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New Year’s Resolutions for Small Business Owners

It’s January, and you’re ready to achieve some personal New Year’s resolutions. This is the year you’ll get into better shape, or you’ll save more money. But what about your professional and business resolutions? Have you made any of those?

You should put that same energetic goal setting and focus into bettering your business. Here is our definitive list of the top 5 resolutions businesses should be focusing on in the new year:

Have a Plan

You’ve probably already done a SWOT analysis and budgeting for 2017, but the question is: how do you hit those targets? That’s easy—by planning. Every employee in your organization, including you, must have a goal that contributes to the overall success of the company. Everyone needs direction on what to do, how to do it, and when it needs to be done. (Note: be careful not to get too bogged down in the “how” your employees achieve these things; some creative and entrepreneurial spirit tends to lead to a sense of ownership and pride. We’ll talk about that a little later.)

You should spend 15-30 minutes each morning planning. This will let you focus on your goals and energize yourself. Your planning sessions are your chance to set your daily or weekly agenda, prioritize your tasks of the day/month and review progress on the specific business goals you’ve set monthly/quarterly.

Build your Network   

Make it a point to start building stronger and better connections this year. Many entrepreneurs attribute their success to their network of relationships. Your professional network needs to include, but not be limited to, clients, competitors, vendors, prospects, referral sources, attorneys, realtors, and bankers.

If you’re not sure where to go to build your network, start by joining professional organizations in your community or industry. Most organizations host events that will give you the opportunity to mingle with other professionals. Another way to build your network is by utilizing social media outlets like LinkedIn, Facebook, or Twitter.

The secret to successful networking is to not go in looking for what others can do for you, but instead to go in looking for ways that you can give to others. Networking is all about building relationships, and relationships are a two-way street.

Always be Learning 

A big part of success in business is to never stop learning. First, you should always embrace any updated information about products, licenses, registrations, laws, insurance, or any other topics that can make you and your organization better.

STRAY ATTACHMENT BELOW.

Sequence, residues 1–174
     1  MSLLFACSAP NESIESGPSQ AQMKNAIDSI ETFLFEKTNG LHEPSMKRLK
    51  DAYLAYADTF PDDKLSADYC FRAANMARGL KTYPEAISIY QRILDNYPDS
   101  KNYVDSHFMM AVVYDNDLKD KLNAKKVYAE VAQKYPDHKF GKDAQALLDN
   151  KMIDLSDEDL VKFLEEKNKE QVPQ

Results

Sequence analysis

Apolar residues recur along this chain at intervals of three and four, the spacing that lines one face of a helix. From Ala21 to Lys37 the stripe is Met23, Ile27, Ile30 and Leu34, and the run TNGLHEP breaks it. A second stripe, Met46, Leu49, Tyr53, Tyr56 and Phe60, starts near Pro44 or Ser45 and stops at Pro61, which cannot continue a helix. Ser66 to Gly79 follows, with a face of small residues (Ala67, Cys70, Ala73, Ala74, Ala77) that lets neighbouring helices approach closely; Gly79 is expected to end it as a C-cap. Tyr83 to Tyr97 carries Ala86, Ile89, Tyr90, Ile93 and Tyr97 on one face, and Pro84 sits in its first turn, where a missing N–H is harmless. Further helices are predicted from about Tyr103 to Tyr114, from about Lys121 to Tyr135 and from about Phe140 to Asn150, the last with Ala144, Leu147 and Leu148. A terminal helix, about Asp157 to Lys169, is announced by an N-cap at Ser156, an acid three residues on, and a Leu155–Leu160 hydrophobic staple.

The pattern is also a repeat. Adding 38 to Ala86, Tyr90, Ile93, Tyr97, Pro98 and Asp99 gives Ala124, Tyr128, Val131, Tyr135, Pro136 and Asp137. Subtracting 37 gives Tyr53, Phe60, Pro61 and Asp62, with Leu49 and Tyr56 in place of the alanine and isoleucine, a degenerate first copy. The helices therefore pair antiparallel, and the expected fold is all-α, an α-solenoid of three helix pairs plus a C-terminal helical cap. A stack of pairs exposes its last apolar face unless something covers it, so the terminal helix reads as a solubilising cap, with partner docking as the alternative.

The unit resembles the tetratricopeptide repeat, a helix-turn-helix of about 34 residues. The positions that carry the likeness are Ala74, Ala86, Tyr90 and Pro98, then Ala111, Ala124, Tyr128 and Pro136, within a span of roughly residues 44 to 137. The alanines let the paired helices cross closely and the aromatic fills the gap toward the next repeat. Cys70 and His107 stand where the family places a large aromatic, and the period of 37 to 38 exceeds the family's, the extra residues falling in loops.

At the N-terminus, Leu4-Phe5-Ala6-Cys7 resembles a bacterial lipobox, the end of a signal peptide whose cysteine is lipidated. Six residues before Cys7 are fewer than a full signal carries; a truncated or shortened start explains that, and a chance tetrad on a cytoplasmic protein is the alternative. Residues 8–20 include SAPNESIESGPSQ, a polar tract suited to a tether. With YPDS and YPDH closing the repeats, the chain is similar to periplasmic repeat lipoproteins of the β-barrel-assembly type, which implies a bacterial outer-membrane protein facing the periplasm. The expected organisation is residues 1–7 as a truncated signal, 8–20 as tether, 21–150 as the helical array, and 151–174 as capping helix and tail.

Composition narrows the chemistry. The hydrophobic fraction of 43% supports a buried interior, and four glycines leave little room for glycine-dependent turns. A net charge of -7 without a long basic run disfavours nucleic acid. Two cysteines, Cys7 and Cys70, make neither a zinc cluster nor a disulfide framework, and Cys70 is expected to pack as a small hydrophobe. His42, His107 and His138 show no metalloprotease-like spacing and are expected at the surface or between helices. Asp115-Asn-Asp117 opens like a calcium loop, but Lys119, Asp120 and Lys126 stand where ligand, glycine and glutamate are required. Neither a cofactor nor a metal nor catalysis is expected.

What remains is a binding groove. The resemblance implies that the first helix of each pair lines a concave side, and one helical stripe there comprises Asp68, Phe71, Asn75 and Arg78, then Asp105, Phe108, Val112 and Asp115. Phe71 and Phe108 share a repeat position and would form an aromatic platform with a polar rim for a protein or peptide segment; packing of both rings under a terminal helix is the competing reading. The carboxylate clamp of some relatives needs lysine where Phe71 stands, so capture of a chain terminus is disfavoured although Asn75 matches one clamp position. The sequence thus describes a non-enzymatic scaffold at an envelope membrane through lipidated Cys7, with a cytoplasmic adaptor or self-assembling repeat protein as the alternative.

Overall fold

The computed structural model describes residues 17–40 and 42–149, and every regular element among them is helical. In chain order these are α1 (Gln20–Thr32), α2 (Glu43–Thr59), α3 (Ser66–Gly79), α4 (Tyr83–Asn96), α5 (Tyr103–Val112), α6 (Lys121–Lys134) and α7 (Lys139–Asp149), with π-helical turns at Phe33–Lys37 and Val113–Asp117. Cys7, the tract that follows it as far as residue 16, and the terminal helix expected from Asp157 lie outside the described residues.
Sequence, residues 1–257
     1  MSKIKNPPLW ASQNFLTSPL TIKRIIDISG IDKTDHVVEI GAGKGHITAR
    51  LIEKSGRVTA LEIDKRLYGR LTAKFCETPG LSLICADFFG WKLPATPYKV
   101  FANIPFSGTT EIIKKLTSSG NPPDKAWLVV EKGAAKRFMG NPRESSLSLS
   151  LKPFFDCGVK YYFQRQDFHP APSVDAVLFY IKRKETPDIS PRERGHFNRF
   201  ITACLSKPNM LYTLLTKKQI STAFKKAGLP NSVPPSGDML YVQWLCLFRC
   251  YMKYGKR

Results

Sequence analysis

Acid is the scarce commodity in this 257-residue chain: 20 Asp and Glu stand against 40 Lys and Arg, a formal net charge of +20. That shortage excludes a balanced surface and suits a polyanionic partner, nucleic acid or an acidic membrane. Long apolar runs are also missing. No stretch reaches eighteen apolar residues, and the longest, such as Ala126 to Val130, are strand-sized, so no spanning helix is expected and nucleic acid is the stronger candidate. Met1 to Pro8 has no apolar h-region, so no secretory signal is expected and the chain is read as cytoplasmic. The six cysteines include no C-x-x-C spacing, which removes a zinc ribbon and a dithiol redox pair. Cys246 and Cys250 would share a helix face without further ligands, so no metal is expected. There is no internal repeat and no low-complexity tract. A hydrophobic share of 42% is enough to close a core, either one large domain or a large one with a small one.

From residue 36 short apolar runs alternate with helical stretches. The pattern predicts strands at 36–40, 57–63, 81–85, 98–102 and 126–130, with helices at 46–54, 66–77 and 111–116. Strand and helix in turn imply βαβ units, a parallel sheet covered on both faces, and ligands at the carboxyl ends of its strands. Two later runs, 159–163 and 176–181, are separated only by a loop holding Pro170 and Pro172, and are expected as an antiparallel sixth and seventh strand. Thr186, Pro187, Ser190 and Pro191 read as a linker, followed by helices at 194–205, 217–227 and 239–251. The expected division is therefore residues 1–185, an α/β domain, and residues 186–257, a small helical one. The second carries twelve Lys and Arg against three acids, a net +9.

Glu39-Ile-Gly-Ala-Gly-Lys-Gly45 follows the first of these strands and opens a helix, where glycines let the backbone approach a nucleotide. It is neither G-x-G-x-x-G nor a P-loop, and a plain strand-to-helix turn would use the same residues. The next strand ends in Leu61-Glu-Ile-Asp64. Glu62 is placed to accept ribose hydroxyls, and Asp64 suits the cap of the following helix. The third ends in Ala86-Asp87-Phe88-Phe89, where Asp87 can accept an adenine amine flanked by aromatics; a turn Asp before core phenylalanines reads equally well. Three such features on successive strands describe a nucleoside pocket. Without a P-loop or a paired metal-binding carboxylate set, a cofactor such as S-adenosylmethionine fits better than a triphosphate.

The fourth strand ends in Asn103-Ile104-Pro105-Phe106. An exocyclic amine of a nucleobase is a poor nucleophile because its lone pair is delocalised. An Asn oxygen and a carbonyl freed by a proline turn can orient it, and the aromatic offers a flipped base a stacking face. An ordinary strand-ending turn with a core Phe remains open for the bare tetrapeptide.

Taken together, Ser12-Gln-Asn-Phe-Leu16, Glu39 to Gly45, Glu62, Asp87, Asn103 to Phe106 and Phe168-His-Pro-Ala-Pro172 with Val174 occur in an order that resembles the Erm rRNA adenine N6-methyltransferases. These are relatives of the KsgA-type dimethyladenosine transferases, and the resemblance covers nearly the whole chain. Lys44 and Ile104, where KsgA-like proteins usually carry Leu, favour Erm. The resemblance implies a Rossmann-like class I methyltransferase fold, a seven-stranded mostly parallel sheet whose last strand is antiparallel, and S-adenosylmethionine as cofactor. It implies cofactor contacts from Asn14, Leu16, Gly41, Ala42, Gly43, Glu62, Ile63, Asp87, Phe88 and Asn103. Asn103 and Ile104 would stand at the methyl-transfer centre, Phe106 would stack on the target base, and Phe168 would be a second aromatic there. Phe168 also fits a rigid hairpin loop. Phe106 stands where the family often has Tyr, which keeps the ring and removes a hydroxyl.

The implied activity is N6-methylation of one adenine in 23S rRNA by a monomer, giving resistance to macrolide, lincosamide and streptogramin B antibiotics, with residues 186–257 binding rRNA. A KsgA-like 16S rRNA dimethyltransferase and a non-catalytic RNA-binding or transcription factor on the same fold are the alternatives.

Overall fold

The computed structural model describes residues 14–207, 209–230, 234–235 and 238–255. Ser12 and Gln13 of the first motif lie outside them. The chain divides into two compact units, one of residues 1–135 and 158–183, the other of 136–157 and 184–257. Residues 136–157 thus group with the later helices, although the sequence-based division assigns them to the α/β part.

Next, pick one industry conference a year to attend that is outside your market. Then, start adding a few smaller networking events into your schedule. While attending these events, make sure you don’t waste the exposure and opportunity by dealing with issues that are happening back at the office. Listen and talk with others about their struggles and successes—it’s a great way to keep your finger on the pulse.

Invest in Yourself

Professional and personal lives are merging more and more each day. Most business owners find it hard to let go and take time away from the office, but it’s very important to recharge your batteries. Spend time with your family and friends and have fun away from work. Our challenge for you: go on at least one vacation this year without taking your work computer along, or go one day without using your work cell phone.

Another way to invest in yourself this year is to improve your physical health. This is perhaps the most valuable thing you have as a business owner. Whether you go for a morning run, hit the gym, or start one of those Beachbody workout videos, the point is to look for ways to fit exercise into your busy schedule. Regular exercise will lead to reduced stress, better sleep and improved immune system.

Get your Organizational Culture Right   

Last, but not least. This is the most important one on the list.

Culture is like personality. Organizational culture is made up of the shared values, beliefs, assumptions, attitudes, and behaviors of an entire group of employees. This can be greatly influenced by the organization’s owners, managers, and leaders, due to their role in decision making. It’s also influenced by the life experiences that each employee brings with himself or herself to work.

Anyone who has worked in different cultural environments can tell you just how important this is to get right. It really all comes down to trust and communication—how well you trust and communicate with your employees and how well they reciprocate. There are countless books, articles, workshops, and seminars that you can read or attend; however, the key is to make your employees your #1 focus. Make your work environment a place where everyone has a voice, works together to solve problems, has common goals, and puts the client first. This isn’t easy, because it requires you to be a bit vulnerable. You can’t dictate your culture. It’s vital to let the team help form it. But when it happens, you’ll have created a place where your employees enjoy coming to work, and your clients will pick up on it.

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